Nuclear Materials and Energy (2019-05-01)

Initial results from the hotspot detection scheme for protection of plasma facing components in Wendelstein 7-X

  • A. Ali,
  • H. Niemann,
  • M. Jakubowski,
  • T. Sunn Pedersen,
  • R. Neu,
  • Y. Corre,
  • P. Drewelow,
  • A. Puig Sitjes,
  • G. Wurden,
  • F. Pisano,
  • B. Cannas,
  • Y. Gao,
  • M. Ślęczka

Journal volume & issue
Vol. 19
pp. 335 – 339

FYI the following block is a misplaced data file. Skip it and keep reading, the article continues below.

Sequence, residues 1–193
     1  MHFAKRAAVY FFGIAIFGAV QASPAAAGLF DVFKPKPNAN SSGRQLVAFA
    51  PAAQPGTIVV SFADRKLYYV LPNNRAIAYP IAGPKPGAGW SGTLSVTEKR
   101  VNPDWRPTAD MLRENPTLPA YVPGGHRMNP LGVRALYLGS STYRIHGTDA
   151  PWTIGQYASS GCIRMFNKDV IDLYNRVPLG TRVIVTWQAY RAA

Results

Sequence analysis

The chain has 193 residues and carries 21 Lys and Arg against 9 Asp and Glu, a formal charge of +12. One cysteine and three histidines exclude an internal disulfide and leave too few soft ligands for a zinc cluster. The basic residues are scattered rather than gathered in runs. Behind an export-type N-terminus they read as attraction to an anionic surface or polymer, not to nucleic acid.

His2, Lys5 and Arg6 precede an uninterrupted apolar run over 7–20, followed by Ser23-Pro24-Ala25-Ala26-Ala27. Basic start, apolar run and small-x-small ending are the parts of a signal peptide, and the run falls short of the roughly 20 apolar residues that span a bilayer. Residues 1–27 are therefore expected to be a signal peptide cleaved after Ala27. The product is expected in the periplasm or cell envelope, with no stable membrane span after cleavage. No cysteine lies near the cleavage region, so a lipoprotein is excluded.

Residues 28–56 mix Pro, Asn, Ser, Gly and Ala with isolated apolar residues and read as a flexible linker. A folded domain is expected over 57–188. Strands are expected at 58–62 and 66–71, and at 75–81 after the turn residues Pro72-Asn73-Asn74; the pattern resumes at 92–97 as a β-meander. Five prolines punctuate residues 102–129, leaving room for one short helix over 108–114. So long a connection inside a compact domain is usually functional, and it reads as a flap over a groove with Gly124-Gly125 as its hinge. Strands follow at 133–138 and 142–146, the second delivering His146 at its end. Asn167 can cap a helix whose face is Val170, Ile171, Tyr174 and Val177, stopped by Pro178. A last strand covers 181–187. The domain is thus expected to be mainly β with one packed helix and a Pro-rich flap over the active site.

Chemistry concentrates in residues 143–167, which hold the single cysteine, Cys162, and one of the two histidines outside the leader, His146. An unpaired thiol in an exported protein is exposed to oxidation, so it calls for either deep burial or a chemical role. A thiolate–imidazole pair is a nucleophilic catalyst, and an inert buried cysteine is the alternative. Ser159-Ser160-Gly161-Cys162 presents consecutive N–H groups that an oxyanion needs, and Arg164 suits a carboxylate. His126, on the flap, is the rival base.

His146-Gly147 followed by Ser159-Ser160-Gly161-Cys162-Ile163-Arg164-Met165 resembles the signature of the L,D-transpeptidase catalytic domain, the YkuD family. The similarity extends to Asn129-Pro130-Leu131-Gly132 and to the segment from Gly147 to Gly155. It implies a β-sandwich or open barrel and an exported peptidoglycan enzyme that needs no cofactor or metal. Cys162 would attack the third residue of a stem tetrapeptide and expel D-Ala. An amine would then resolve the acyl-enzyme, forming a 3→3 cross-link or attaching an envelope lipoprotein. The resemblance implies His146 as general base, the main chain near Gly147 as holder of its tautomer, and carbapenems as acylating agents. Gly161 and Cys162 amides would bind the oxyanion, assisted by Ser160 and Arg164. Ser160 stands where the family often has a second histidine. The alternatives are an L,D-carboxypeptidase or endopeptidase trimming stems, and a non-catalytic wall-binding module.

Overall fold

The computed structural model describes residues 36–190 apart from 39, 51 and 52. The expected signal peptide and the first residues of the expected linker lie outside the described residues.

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One of the main aims of Wendelstein 7-X (W7-X), an advanced stellarator, is to investigate the quasi-steady state operation of magnetic confinement devices for nuclear fusion, for which power exhaust is an important issue. A dominant fraction of the energy leaving from the confined plasma region will be removed by 10 so-called island divertor units, which are designed to sustain a maximum heat flux of up to 10 MWm−2. An essential prerequisite for the safe operation of a steady-state device is automatic detection of hot spots and other abnormal events. Simple temperature limits in infrared (IR) thermographic images will not be enough on their own, because of plasma-generated surface coatings and other effects summarized in the following. To protect divertor elements from overheating, and to monitor power deposition onto the divertor elements, near real-time hotspot detection algorithms for the analysis of carbon plasma facing components (PFCs) were implemented and tested in the GLADIS facility.One of the difficulties in hotspot detection in a carbon-based machine is the deposition of plasma impurities as layers with a reduced thermal connection to the underlying bulk material. We have developed and successfully tested a method to classify surface layers and benchmarked the performance of the method with the Tore Supra IR data operating with actively cooled carbon PFCs. The surface layers can be detected in a steady plasma discharge during the initial rise and decay in temperature when a strike line touches parts of the divertor or wall. It can also be detected by modulating electron cyclotron resonance heating (ECRH) input power. This feature allows detection of overheated areas while reducing false positives. For the recent operational campaign, inertially cooled test divertor units (TDU) were installed to prepare for steady-state operation with water-cooled divertor units. Automatic, near real-time detection of hot spots and identification of surface layers in the W7-X divertor are presented. Results are compared with a best fit estimate of the heat transmission coefficient α which is used to calculate heat flux onto the divertor in the presence of surface layers. Keywords: W7-X, Divertor, Plasma facing components, Heat load, Infrared, Surface layers, Tore supra